The council directed the Catholic Bishops’ Conference of the Philippines (CBCP) to

“issue an official statement on BECs, on their nature and functions as recognized by the Church, making it clear that they are not simply another organization. This official statement of the CBCP shall be, among others things, for the proper orienting of priests and seminarians. Training for work with BECs shall be made part of seminary formation.” (Art 110)

 

Thus, after the plenary council the second wave of the emergence of BECs took place. As part of the implementation of the PCP II thrust, many dioceses in Visayas and Luzon started their BEC program while for others it was a matter of renewing their efforts. There has been a phenomenal growth of BECs in these regions since then. In Mindanao where the BECs first emerged and where they have become part of the structure of the diocese, many BEC needed to be revitalized due to stagnation that had set in or the weakening due to militarization.

 

 

Trends and Developments

Mainstreaming: Owning  of BEC as pastoral priority of most dioceses and the CBCP

The number of dioceses that have adopted the formation of BECs as a pastoral priority has increased through the years. In 2002, there were 51 dioceses that participated in the BEC national assembly in Cebu. In 2005, there were 65 dioceses that sent delegates to the BEC national assembly. In 2008, there were 67 participating dioceses out of a total of 85 dioceses. Although, attendance of diocesan delegates in National Assemblies cannot be used as an accurate gauge for determining whether the BECs are regarded as pastoral priority by these dioceses, this can be used as an indicator. A more accurate data is forthcoming. Whatever the case, formation of BECs have been adopted as part of the vision-mission and goal of many dioceses.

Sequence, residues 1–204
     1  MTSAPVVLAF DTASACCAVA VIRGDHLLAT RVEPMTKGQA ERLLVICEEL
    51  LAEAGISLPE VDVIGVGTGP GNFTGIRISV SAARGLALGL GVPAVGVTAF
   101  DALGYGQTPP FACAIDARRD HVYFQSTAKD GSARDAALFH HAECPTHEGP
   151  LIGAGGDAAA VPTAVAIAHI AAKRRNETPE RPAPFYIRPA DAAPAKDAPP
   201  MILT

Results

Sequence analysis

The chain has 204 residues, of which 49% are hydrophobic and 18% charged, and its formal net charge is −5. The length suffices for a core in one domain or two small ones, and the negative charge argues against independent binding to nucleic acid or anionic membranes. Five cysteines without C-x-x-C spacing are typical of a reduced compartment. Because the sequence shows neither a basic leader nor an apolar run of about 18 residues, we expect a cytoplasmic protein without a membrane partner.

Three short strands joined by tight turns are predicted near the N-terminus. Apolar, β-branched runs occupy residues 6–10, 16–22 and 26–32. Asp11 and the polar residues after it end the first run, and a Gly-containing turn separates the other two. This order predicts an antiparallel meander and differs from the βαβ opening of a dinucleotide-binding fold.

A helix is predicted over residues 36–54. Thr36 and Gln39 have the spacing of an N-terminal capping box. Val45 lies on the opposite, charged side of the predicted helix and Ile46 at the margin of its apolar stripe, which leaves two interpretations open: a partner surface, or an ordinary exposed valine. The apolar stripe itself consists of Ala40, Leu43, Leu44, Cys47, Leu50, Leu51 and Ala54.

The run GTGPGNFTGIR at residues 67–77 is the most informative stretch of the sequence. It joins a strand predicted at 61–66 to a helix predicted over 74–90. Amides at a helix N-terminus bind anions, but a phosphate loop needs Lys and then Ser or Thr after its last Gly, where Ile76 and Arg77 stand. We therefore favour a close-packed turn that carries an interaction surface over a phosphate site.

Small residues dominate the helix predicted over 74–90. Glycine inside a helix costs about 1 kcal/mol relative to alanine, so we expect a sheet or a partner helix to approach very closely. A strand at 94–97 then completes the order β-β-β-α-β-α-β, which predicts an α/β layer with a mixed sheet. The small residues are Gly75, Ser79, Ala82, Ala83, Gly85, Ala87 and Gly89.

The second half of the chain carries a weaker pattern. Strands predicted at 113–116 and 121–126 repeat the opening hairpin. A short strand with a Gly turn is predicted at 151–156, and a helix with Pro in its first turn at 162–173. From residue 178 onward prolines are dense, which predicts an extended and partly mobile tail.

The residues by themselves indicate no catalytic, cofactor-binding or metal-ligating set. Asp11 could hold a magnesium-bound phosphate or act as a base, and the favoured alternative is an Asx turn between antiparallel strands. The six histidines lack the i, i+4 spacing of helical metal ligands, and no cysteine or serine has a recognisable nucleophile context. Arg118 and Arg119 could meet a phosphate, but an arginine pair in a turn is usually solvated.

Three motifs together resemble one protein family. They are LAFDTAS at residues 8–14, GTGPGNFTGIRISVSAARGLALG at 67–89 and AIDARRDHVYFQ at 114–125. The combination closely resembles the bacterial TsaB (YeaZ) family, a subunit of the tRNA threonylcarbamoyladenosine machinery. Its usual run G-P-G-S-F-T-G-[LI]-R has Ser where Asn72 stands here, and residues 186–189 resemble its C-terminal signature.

What is significant is that in most cases, the formation of  BECs is regarded as the pastoral thrust of the whole diocese rather than just the initiative of the parish priest or some external pastoral agency. In many dioceses, the various diocesan commissions (liturgy, catechetics, social action, youth, family & life) are geared towards the formation of BECs. The BECs are becoming the basic pastoral unit of the parish which is seen as a network of BECs. The rate of growth and expansion is not uniform. In many parishes and dioceses that have just started there are only pilot areas that are still to be replicated. In other dioceses, they are already part of the structure of the diocese and parishes.

The CBCP has been supportive in the promotion of BECs. The 2005 BEC National Assembly was the first CBCP-sponsored assembly. The proposal of the 2002 National Assembly for a CBCP national office had earlier been approved by the CBCP.  The Episcopal Committee on Basic Ecclesial Communities of the CBCP was finally set up in 2007. The setting up of this committee is an expression of the acceptance and support by the CBCP of the BECs as a pastoral priority. The chairmen of the major episcopal commissions (such as biblical apostolate, social action, liturgy, education and catechetics, family and life, youth, laity, and canon law) are members of the BEC committee. This expresses the view that all these commissions can contribute to the growth of BECs and that these areas are constitutive dimensions in the life of the BECs.

A More Unified and  Holistic Vision of BECs: Integration of Social Action with Evangelization & Liturgy

In the 1980s, it was fashionable to classify BECs into liturgical, development and liberational models. The BCC-CO program was known for promoting a more liberational/militant model of BECs and regarded other BEC models promoted by the MSPC and  BEC-Service Office as liturgical models – and hence more conservative and traditional. Those espousing the liberational model were suspected of having ideological agenda.